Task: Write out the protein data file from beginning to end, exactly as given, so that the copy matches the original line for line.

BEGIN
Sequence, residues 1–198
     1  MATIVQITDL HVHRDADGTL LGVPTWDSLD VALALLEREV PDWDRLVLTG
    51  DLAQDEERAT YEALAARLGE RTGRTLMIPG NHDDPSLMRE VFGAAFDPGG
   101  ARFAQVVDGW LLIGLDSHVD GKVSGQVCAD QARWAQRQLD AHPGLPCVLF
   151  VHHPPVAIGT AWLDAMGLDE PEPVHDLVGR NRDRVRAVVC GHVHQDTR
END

Sequence, residues 1–198
     1  MATIVQITDL HVHRDADGTL LGVPTWDSLD VALALLEREV PDWDRLVLTG
    51  DLAQDEERAT YEALAARLGE RTGRTLMIPG NHDDPSLMRE VFGAAFDPGG
   101  ARFAQVVDGW LLIGLDSHVD GKVSGQVCAD QARWAQRQLD AHPGLPCVLF
   151  VHHPPVAIGT AWLDAMGLDE PEPVHDLVGR NRDRVRAVVC GHVHQDTR